Recently Mark Zuckerberg announced he planned to sell Oculus headset as cheap as possible.
The advent of a commercial VR technology is expected for so long that the final release of Oculus consumer version is going to cause a true revolution. Nowadays Oculus positions are strengthened by Facebook resources that are believed to help with pricing issues. According to the estimates of Oculus CEO Brendan Iribe worldwide sales of a VR headset can achieve one million units. Mark Zuckerberg intends to reject margins reducing the price to the maximum. Such technique helps extend the range of potential customers. At the same time being a top manager Iribe is more focused on running a profitable or at least a break-even business rather that suffering losses.
Oculus top management is deeply convinced that after a second consumer version is completed the influence of Facebook will be more noticeable.
While Iribe still hopes to make Oculus a profitable project Palmer Luckey, a founder, looks much controversial stating Oculus has no plans to earn money from sales.
Palmer revealed that the next six months will be crazy considering the amount of work to complete. All team members are working literally day and night to improve the product. Comparing DK2 and the first consumer version, Palmer indicates the last will be a lot better. Many improvements are a commercial secret but Luckey confirmed the device will be lighter and smaller, with higher resolution, wider field of view and better framerate.
“DK2 wasn’t designed to be the thinnest or lightest thing we could make, or the cheapest for that matter: it was meant to be something we could get out quickly, that did all the functions we needed it to, very reliably”, says Luckey. “But it is a developer tool. We reused a lot of the same parts for DK2 that we used for DK1, because that allowed us to move a lot faster. But for the consumer version we are making every piece from the ground up. There isn’t a single piece from DK1 or DK2 that will go into it, so we’re able to design it from the beginning to be a perfectly integrated, minimal piece of hardware”, he continues.
The components changes are always enough expensive so the margin has to be respectively reduced. Palmer plans to sell the headset at a cost. “Whatever it costs us to make, that is what we’re going to sell it for. That’s one of the things the Facebook deal has allowed us to do: because we already have the resources behind us, we don’t have to worry about making money from our customers right away. If we were running purely on our own and trying to make money just from hardware, we would need to make enough profit from each unit to pay for running the company for several years, until we launched the next one.”
So now it became clear that acquisition by Facebook provided Oculus with a substantial financial support and deprived of the necessity to establish high margins and wait years to collect money to invest in further development.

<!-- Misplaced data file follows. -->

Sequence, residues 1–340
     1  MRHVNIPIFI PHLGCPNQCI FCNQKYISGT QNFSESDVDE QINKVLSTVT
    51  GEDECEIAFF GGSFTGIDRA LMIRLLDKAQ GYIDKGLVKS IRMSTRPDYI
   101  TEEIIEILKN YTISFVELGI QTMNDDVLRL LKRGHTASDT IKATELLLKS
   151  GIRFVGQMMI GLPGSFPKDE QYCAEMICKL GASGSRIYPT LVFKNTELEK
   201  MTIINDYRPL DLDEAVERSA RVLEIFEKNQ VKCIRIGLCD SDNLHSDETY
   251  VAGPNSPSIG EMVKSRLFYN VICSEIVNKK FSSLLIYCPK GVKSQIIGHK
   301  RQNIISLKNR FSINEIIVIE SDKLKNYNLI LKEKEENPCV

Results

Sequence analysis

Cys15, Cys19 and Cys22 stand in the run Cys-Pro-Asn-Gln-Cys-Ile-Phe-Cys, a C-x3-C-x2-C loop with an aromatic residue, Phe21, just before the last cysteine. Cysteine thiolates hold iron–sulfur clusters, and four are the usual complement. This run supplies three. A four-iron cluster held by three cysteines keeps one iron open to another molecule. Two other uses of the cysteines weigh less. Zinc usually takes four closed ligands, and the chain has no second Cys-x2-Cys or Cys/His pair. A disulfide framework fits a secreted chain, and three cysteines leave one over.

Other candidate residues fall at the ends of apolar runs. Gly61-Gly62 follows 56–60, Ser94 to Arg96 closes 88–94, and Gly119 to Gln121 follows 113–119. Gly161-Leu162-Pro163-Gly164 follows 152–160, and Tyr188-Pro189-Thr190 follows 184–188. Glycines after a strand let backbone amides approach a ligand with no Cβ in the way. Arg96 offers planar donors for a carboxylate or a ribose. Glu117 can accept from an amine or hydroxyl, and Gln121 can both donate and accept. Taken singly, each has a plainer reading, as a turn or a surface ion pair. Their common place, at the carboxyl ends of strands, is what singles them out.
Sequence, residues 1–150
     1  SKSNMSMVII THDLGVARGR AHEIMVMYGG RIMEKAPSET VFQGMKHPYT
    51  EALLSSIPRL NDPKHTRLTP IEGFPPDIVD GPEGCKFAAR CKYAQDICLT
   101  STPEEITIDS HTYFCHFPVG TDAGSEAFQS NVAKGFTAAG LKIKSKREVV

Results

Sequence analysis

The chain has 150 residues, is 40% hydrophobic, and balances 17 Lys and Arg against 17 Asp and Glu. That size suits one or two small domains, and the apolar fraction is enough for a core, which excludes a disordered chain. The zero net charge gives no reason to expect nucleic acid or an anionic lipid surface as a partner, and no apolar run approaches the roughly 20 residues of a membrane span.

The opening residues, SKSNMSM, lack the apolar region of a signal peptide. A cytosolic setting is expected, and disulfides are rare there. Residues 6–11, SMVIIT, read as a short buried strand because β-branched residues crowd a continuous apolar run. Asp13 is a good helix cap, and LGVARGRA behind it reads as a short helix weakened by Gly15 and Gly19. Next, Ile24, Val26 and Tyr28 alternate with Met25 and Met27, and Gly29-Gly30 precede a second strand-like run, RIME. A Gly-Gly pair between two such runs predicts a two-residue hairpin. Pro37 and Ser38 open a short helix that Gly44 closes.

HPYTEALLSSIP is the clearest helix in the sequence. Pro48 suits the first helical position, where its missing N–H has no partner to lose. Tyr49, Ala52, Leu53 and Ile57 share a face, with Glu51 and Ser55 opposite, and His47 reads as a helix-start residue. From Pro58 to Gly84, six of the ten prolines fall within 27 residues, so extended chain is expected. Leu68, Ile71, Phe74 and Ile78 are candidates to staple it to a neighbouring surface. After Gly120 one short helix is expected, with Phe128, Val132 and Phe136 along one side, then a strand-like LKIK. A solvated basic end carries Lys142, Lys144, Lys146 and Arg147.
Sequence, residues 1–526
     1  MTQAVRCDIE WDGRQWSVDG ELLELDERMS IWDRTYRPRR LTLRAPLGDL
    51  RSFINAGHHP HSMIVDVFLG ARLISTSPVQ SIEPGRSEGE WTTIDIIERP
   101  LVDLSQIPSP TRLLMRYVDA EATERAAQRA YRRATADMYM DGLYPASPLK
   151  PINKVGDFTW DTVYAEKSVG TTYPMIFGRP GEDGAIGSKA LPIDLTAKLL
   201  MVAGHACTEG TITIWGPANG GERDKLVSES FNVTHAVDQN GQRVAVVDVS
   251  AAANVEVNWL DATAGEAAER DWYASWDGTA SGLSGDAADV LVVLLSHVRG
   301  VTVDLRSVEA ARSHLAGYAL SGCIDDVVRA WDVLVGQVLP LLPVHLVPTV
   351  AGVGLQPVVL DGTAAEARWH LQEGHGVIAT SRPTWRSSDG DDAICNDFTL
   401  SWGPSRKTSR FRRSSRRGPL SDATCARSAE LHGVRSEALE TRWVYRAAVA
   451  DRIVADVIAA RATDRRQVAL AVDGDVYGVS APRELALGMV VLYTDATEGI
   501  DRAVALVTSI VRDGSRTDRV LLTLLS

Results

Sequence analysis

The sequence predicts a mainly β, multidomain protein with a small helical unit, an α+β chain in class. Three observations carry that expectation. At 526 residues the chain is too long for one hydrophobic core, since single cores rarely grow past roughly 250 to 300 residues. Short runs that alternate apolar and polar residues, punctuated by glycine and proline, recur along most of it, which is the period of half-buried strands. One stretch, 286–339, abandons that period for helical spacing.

Except of solving price problems, Oculus is involved in the foundation of its own game studios. The possible locations include Seattle, Dallas, Menlo Park and Irvine. These centers will unite a lot of people developing content for Rift. The first demos are anticipated to appear by the next E3.
Undoubtedly leading the VR race, Oculus also pays much attention to the closest competition. Luckey doesn’t feel anxious that many companies are trying to conquer the promising market. On the contrary, he thinks the presence of other companies in a market is a good sign. “It lets people know that VR isn’t just this thing that one crazy company believes in, it’s something that a lot of companies, even really big companies, believe in”, he adds.
Palmer is very optimistic about Sony’s achievements but is very concerned about apparently weak companies. “Sony’s hardware isn’t up to where it needs to be, and neither is ours, but even though neither of us have a consumer product yet, we understand the problems and we know what we need to do to fix them. Other companies either don’t understand the problems, or choose to ignore them and I think that’s dangerous. I don’t want people to try VR and think it’s garbage. It’s not hard to release a consumer product – people release garbage consumer products all the time. ANTVR – they’re saying Oculus doesn’t have a consumer product yet, but our dev kit better than what they’re selling to consumers. Just saying it’s for consumers doesn’t make it a good product”.
Considering the fact Oculus final release was postponed several times thousands of fans are eager to purchase a unit immediately. Meanwhile Luckey is not in a hurry at all. He admits he doesn’t care people want Rift right now since the only thing that matters is to do the job right, not quickly.